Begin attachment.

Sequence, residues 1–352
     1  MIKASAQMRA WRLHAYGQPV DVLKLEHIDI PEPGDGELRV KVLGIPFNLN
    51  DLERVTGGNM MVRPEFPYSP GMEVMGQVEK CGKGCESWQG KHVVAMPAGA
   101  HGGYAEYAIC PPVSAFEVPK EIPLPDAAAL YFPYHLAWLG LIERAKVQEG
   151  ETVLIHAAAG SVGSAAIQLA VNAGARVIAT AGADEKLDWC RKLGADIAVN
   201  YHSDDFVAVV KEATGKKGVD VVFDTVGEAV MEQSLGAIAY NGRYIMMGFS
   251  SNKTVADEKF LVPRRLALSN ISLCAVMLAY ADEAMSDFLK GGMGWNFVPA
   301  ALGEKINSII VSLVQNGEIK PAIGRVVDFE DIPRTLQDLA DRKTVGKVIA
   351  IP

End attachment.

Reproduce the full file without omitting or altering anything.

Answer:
Sequence, residues 1–352
     1  MIKASAQMRA WRLHAYGQPV DVLKLEHIDI PEPGDGELRV KVLGIPFNLN
    51  DLERVTGGNM MVRPEFPYSP GMEVMGQVEK CGKGCESWQG KHVVAMPAGA
   101  HGGYAEYAIC PPVSAFEVPK EIPLPDAAAL YFPYHLAWLG LIERAKVQEG
   151  ETVLIHAAAG SVGSAAIQLA VNAGARVIAT AGADEKLDWC RKLGADIAVN
   201  YHSDDFVAVV KEATGKKGVD VVFDTVGEAV MEQSLGAIAY NGRYIMMGFS
   251  SNKTVADEKF LVPRRLALSN ISLCAVMLAY ADEAMSDFLK GGMGWNFVPA
   301  ALGEKINSII VSLVQNGEIK PAIGRVVDFE DIPRTLQDLA DRKTVGKVIA
   351  IP